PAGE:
Each plot was then further divided into three beds where there was some loose resemblance to a path carved into the steep hillside to provide a slightly more stable footing.
My job was to find seedlings and starts of Amsinckia in amongst the other vegetation. Upon finding a seedling, my job involved gently clearing the area around the seedling and clipping down the nearby vegetation to decrease competition for light, nutrients and water.
I received my instructions and introduction to the plant. The seedlings have a distinctive cotyledon, though the first true leaves are similar to other species so correct observation would be critical.
I was assigned my first plot. At first the work was very slow going as I familiarized myself with the seedlings. Throughout the day I would find my eye’s become attuned to the seedlings and being able to spot them much quicker then when I started.
The most challenging part of the day was moving around on the slope. Did I mention it was steep?
The slope was steep. Very steep. It made mountain biking look wimpy. Maybe this was as steep as a fairly advanced downhill ski run. (But I’m not a downhill skier so I really can’t compare.) It would have been much easier to just slide down the hill in a controlled slide on slick muddy boots.
Mud! Did I mention that it was muddy too? Wet! And really wet too. At least the wet grasses and miners lettuce provided a way to clean ones hands of mud. I could quickly rub my hands over the wet grass outside of my plot area and wash away slippery mud that accumulated on my hands. I had started out using gloves but found it easier to protect seedlings with bare fingers as I’d work the area around them with my other hand and the clippers.
I knew I had found work that I must be enjoying. You know you’re in the zone when you don’t stand up long enough to take a break until it’s after 1 PM. Being in the zone, also know as flow, is a “positive psychological mental state of operation in which a person performing an activity is fully immersed in a feeling of energized focus, full involvement, and enjoyment in the process of the activity. In essence, flow is characterized by complete absorption in what one does.”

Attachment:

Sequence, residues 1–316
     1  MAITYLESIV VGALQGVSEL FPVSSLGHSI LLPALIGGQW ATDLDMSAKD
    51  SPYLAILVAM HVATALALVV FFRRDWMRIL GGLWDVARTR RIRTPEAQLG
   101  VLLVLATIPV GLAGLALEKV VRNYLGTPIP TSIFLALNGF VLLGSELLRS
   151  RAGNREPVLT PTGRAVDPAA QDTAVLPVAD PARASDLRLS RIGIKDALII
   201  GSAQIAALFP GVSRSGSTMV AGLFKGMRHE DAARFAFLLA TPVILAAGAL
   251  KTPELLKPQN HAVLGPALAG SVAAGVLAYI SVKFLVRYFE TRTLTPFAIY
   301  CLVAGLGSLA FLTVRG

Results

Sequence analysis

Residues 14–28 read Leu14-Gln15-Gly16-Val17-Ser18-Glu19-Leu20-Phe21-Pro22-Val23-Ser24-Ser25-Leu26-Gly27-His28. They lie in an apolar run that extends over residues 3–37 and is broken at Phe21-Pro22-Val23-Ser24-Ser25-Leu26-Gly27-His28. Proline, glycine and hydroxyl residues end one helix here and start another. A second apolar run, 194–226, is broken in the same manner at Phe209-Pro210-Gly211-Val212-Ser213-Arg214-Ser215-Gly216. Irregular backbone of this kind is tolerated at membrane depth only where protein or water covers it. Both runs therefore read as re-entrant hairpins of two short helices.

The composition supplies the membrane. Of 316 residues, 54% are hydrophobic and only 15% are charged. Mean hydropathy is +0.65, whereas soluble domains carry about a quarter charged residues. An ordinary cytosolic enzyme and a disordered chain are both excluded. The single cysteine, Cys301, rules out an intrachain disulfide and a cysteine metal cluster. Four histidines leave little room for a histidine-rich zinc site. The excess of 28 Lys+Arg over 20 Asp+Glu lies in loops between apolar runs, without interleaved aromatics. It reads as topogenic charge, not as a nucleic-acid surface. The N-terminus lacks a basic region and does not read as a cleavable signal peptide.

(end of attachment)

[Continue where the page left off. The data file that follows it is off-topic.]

Well, I finished up three plots with about a half days worth of work. My back was feeling the strain of bending over. There were just a couple of plots left on the far upper right of the research area. It looked like the team would be able to finish the work. I could tell that with my back being strained, I might soon find myself being more of a hinderance with this project then an asset. After a short snack break I decided I should probably call it quits for the day.
As I meandered off the hillside I stopped to take a few more pictures to send to the curator at UC Botanical. She’s figured out I like iPhonography and asked me to take photos. I know she is personally committed to this project and wanted to see visuals of the site’s progress.
It had been a rewarding day in lovely green hills of California. I drove the back roads home, thinking this would be another fun area to explore more by bike. I’ve already ridden many of these roads. Exciting to learn there are still more roads I haven’t explored yet. I hope I’m invited back to this site as I’d love to see how the plants are doing in the beds that I worked.